or information to the decisionmaking process or play[ed] any
other role in the decision”). Conversely, in the
present case, as discussed above, the plaintiffs have
adequately alleged that the State defendants took action when
they exercised their power to pre-approve Robert's
termination decision. Thus, when Chapel Haven carried out
that termination decision, the plaintiffs have adequately
alleged that it was acting jointly with and as the agent of
Parental Representative Standing
State defendants challenge both the parent-plaintiffs'
ability to bring suit on Robert's behalf under all of the
various roles identified in the amended complaint and their
ability to represent their child jointly.
respect to the former issue, I note that the State defendants
concede that the parent-plaintiffs have standing to bring the
suit on Robert's behalf in their role as his
“guardians.” See State Defs.' Br. at
3 (“Neither DDS nor DSS challenge the plaintiffs in
their capacity as guardian to bring suit on behalf of
Robert.”). Rule 17(c)(1)(A) permits a “general
guardian” to sue on an incompetent person's behalf,
and does not appear to put any limitations on that
representation. Thus, it is unclear why permitting the
parent-plaintiffs to sue under their additional roles (or
not) would have any effect on this case, and I do not discuss
the question further.
State defendants also argue that only one of the
plaintiff-parents may represent their son. As the State
defendants point out, the Second Circuit has approvingly
cited in dicta a 10th Circuit case as “stand[ing] for
the (sound) proposition that only one party may act in a
representative capacity with respect to an infant or
incompetent who comes before the court.” Neilson v.
Colgate-Palmolive Co., 199 F.3d 642, 650 (2d Cir. 1999)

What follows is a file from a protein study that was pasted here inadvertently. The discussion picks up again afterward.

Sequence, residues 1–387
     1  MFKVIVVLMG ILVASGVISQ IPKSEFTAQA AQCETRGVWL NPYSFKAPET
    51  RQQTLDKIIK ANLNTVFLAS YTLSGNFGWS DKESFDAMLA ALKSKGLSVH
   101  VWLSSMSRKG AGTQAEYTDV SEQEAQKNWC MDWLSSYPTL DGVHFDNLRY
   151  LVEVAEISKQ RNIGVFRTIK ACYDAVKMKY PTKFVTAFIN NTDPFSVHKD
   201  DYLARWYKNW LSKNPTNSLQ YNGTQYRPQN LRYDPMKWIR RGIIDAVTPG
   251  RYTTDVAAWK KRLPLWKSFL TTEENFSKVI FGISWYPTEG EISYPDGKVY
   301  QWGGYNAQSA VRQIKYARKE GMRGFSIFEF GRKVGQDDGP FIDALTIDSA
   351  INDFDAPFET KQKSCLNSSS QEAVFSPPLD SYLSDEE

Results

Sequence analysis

(citing Garrick v. Weaver, 888 F.2d 687, 693 (10th
Cir. 1989)). The Garrick court, in turn, did not
rely on binding legal authority but instead invoked policy
considerations, observing that two guardians could interfere
with the orderly development of the lawsuit by creating the
potential for inconsistent positions. 888 F.2d at 693.
Although that problem had actually been realized before the
Garrick court, its concerns could apply with equal
force in the present case. At the hearing on these motions, I
instructed the parent-plaintiffs to designate one parent as
the “primary” representative, whose views would
be followed in the unlikely case of a dispute between them.
Because the plaintiff-parents have not yet done so, I now
order them to inform the court within thirty days of this
Order which parent is the “primary”
decision-maker in the context of this case.
Parental Standing for Associational Claims Brought on
their Own Behalf
language in the complaint suggests that the plaintiff-parents
are bringing claims on their own behalf under Title II of the
ADA, and several counts refer to harms suffered by the
“Plaintiffs, ” suggesting that those counts were
brought on behalf of Robert and his parents. At the
hearing, however, the parent-plaintiffs clarified that the
only claims brought on their own behalf are the
Rehabilitation Act Claims in Counts One, Two, and Three of
Chapel Haven defendants challenge the parent-plaintiffs'
ability to bring such claims. See Chapel Haven